A LACK of basic items such as pillows and toilet roll helped spark last year’s riot at Bedford Prison, according to a report published yesterday.
Prisoners there — who were locked up for up to 23 hours a day — were suffering from “chronic shortages” of clean bedding and toiletries, the Independent Monitoring Board (IMB) said in its report covering June 2016 to June this year.
Improvements have been made since the riot involving about 150 inmates in November but concerns remain, the inspectors added. Prison Officers Association Bedford area representative and national executive member Ian Carson told the Star that the role of the in-house “cleaning officer” was eradicated through benchmarking five years ago.
Since then there has been a “huge shift” in the purchasing of basic items and distribution among prisoners, he added. Now the job is outsourced to private companies, Mr Carson said.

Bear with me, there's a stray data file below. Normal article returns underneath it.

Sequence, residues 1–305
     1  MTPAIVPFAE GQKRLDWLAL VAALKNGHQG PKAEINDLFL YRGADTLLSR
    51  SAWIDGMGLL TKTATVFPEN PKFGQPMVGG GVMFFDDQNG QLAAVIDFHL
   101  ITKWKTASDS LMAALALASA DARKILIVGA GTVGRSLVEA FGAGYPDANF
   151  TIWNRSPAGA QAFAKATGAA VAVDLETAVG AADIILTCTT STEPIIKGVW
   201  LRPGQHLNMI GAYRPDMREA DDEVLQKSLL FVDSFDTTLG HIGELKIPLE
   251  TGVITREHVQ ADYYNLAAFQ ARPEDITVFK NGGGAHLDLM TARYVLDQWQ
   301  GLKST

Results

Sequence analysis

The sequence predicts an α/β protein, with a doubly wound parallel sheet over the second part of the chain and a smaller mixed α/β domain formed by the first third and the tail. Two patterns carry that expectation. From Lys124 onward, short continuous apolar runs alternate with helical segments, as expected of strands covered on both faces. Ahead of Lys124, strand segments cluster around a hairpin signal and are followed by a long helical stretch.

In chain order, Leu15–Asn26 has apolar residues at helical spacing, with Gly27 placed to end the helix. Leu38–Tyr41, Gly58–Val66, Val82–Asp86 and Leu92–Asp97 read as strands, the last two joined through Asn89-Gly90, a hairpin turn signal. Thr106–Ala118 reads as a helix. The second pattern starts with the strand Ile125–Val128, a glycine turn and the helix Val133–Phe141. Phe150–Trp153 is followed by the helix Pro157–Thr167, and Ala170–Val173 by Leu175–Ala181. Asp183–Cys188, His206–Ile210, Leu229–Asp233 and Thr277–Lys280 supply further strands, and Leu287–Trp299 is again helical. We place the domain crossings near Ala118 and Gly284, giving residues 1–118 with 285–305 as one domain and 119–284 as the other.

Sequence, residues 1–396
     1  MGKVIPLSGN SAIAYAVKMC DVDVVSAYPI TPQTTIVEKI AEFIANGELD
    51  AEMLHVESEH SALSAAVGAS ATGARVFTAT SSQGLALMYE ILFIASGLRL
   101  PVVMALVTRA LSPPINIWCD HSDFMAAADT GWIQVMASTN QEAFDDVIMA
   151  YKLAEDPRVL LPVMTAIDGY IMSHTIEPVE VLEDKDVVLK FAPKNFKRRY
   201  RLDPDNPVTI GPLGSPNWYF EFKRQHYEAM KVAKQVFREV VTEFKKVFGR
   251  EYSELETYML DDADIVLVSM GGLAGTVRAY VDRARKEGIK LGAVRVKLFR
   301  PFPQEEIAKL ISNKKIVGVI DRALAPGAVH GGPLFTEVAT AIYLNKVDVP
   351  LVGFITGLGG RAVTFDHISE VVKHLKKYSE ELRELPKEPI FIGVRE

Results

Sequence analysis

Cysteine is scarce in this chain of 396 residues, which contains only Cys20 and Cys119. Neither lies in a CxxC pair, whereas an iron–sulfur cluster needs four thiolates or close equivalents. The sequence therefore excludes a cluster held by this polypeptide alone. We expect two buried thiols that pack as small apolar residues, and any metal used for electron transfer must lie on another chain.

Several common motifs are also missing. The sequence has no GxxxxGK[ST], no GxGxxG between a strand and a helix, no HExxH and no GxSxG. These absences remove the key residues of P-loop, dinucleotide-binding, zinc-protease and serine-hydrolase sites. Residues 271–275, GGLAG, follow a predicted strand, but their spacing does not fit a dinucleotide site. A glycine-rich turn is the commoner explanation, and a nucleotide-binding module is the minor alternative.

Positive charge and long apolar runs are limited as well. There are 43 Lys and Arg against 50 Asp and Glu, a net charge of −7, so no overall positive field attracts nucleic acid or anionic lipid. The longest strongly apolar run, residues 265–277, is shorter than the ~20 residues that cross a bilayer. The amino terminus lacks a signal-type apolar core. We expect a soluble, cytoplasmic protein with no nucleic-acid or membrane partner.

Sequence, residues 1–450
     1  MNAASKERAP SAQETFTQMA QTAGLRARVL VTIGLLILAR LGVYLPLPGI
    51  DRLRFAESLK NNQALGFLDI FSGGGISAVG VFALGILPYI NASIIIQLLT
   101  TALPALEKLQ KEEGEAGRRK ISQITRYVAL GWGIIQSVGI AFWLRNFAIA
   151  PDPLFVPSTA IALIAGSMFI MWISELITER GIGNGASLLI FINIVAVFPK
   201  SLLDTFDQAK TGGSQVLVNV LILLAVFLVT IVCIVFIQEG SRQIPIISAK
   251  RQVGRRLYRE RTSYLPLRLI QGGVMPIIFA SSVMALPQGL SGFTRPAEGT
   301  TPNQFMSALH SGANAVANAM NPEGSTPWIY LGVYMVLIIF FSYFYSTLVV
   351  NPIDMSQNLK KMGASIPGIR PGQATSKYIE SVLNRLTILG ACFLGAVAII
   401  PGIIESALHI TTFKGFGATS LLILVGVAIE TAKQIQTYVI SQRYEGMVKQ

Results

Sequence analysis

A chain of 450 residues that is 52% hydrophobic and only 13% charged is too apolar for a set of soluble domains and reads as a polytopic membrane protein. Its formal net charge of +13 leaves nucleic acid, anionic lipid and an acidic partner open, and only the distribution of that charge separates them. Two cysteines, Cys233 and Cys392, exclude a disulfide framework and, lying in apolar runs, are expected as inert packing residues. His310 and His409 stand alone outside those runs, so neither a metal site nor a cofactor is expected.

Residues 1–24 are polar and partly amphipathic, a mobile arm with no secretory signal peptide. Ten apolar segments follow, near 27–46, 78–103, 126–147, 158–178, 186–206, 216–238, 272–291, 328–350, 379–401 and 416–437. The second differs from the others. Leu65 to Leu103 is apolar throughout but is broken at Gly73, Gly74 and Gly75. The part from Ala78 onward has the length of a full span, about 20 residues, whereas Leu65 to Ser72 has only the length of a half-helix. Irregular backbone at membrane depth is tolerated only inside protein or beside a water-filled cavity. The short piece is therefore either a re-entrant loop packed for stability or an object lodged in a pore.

Prisons can often run short of supplies that need to be picked up from the provider as outsourcing contracts don’t cover delivery.
Mr Carson, who used to be a cleaning officer, had been told by a prisoner three years ago that he was going to strip and walk down the corridors of the prison in protest as he had not been given a clean pair of trousers for two weeks.
He continued: “You can just imagine how that would make you feel. If that goes on for several days, or even weeks, then it doesn’t say much about how we are treating people that we are locking up.
“It has been absolutely horrendous over the last five years. Getting hold of clean kit has historically been a problem, but now it’s worse. The outsourcing has also disempowered staff because if they don’t have any clean kit, then there’s nothing they can do. Before, the cleaning officers could take the dirty kit to the laundry rooms. But those officers are no longer there.”
Mr Carson agreed that shortages of basic items are linked to increased violence.
Violence among prisoners has risen by 50 per cent, the IMB report said, and assaults on staff are more than double the national rate.
IMB chairman Kevin Whiteside said: “Chronic understaffing was exacerbated by poor systems and a lack of clear strategies.”
The Ministry of Justice said it was “tackling the challenges head-on.”